In order to explain multi-tenancy, I’m going to use a very common scenario that you’re familiar with, renting apartments. Usually, people rent apartments with their friends (especially when they are younger ). Why? Well, probably they don’t really need an entire apartment for themselves and it’s also cheaper that way. By renting together, each person has it’s own private space without over-spending on dedicated apartments. The same principle applies to software multi-tenancy. The “apartment” is an actual application whereas the persons renting it can be either a company or a group of users of that software that needs to keep their data private. 


Single vs. Multi-Tenant App

Apache Kafka Multi-Tenancy

There are 3 levels on which the multi-tenant concept can be implemented in Apache Kafka:

Record Level

It’s not a secret, we all know that clients can produce/consume records ( also called messages or events ) to / from Apache Kafka. Implementing multi-tenancy at this level would be very similar to how multi-tenancy can be implemented on a relational database. Usually, this is done through a “tenants” table which stores information about all tenants in separate rows and it has some kind of primary key. For simplicity, we’re going to consider the primary key an id. Now, every other entity that needs to store multi-tenant data will have the tenant id as a foreign key reference. 

If we transpose this model to Kafka then we would have a compaction topic called “tenants” on which we publish records of our tenants and all the other events that need to be multi-tenant will be stored in separate topics. The “tenants” topic has to be a compaction topic because we do not want to have tenants deleted by Kafka, but only by us when we want them to be, using tombstone messages.

What about multi-tenant topics? Where do we store the tenant id for each record? Actually, there are 3 options that we can use to actually solve this problem:

  • key: storing the tenant id as the key of the message might be a good idea but we also have to take into consideration that Kafka uses message keys to partition messages in some cases; also, this approach will be very limiting while using compaction topics;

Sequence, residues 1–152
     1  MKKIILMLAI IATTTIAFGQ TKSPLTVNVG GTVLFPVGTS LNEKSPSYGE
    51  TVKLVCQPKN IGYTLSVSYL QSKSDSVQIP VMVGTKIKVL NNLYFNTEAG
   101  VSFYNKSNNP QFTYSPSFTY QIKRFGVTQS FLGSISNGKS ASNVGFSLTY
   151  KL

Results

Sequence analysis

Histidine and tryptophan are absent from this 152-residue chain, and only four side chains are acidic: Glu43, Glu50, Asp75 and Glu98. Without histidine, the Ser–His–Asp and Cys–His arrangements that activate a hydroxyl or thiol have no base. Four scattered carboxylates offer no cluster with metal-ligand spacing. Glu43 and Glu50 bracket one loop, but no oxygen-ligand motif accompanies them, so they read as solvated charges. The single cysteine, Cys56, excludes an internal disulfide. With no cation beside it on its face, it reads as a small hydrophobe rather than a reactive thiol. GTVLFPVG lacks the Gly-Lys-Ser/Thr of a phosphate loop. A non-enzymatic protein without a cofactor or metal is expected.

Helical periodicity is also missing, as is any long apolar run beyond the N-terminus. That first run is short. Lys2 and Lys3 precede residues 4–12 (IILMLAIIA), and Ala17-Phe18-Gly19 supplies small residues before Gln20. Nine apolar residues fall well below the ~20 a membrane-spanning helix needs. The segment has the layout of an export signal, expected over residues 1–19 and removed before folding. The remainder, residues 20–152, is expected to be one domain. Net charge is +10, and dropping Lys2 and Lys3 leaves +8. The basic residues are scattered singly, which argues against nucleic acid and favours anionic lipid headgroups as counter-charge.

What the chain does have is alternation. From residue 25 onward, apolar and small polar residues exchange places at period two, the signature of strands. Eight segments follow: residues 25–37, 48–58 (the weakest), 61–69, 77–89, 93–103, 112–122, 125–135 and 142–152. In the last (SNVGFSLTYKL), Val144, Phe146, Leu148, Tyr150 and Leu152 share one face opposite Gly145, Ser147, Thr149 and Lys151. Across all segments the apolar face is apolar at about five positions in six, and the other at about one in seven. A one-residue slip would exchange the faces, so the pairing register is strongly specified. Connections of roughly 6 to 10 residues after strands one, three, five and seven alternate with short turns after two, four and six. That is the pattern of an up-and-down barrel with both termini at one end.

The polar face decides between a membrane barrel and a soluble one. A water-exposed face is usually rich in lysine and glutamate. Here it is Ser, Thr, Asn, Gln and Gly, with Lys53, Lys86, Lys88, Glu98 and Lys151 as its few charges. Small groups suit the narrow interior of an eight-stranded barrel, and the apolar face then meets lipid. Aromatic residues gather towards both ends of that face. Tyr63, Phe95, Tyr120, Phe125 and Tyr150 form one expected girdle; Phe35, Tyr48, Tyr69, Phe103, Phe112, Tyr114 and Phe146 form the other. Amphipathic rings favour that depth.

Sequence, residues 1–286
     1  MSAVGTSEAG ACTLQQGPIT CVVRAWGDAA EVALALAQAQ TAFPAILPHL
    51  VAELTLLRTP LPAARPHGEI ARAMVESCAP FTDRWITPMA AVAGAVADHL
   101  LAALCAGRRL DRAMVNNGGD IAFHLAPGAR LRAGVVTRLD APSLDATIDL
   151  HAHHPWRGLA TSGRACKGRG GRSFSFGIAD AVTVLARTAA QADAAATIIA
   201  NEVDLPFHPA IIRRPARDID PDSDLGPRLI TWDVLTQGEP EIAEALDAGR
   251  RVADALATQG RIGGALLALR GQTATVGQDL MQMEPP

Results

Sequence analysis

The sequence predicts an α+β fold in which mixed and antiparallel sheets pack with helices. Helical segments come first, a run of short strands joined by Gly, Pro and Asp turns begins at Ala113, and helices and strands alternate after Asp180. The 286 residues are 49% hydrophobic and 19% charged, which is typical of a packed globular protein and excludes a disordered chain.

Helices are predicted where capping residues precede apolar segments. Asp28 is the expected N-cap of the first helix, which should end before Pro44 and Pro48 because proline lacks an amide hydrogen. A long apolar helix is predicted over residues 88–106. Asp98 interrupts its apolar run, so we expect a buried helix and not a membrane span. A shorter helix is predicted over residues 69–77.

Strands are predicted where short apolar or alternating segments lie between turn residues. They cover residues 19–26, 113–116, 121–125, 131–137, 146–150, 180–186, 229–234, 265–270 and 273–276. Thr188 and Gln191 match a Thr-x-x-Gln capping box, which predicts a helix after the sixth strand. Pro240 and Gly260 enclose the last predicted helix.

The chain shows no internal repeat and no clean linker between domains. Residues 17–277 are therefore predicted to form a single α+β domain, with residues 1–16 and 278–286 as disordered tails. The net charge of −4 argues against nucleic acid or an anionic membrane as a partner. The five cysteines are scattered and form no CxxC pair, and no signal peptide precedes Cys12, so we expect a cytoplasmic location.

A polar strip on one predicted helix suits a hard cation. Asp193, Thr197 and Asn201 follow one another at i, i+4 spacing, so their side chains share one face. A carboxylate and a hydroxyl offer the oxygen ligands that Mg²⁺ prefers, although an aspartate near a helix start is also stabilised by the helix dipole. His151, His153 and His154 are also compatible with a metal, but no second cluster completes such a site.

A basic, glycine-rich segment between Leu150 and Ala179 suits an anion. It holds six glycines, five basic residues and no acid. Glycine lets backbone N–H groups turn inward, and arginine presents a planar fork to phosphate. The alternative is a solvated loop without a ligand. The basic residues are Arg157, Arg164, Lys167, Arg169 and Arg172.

• value: embedding the tenant id in the message value can be a good solution but as a drawback, it can complicate the message schema;
  • header:  if we view the message appurtenance to a tenant as metadata we can then store the tenant id as a message header; by doing it this way there will be a minimum impact towards the message schemas and partitioning strategies


  • easy to implement;
  • minimum hassle on Kafka side;


  • proxy required: the messages in these topics cannot be accessed by individual tenants; a proxy service is required to deal with authorization;
  • security risk: if a non-multi-tenant application gets access to one of these topics, then it will have access to all tenant’s information.


Partition Level

In theory, this sounds super easy: each tenant will use a partition ( or more ) to store its messages on a topic. For example: if we have 3 tenants then we can have a multi-tenant topic with 3 partitions and each tenant will produce their messages in their own partition. The problem with this solution stays in the complexity of the Partitioner. We would need a really custom partitioner to make this happen. Also, this solution is not very scalable! Try to think about adding or removing tenants?! Changing the partition size every time a new tenant gets added is not really the prettiest solution.


  • easy to consume messages of a specific tenant;
  • easy to delete messages of a specific tenant;


  • a custom Partitioner is required;
  • same security risk as in the multi-tenant records;
  • not scalable: it’s difficult to add/remove tenants;


Topic Level

This approach requires some bookkeeping on the Kafka side but it is the most secure and it imposes the least limitations compared to the other models. The idea is to either prefix or suffix the topic name with the tenant’s name or id, e.g: “tenantA.orders” or “orders.tenantA”. Using this approach we can then use separate ACL’s ( Access-Control Lists ) for each tenant-topic combo, so there will be no security risk of leaking information to other tenants. Adding and removing tenants is also quite easy since the only thing that we would have to do is to create or delete a topic. Also, this approach enables the use of quotas per tenant, so we can actually forbid the situation when one tenant is taking over the entire cluster. The biggest downside to this approach is the hassle required to keep track of the topics and ACL’s. 


  • the most secure approach;
  • can make use of quotas per tenant;
  • easily scalable;
  • no custom code required;


  • a lot of bookkeeping is required on the Kafka side;
  • in the case of multi-tenant applications then we need to dynamically generate producers and consumers;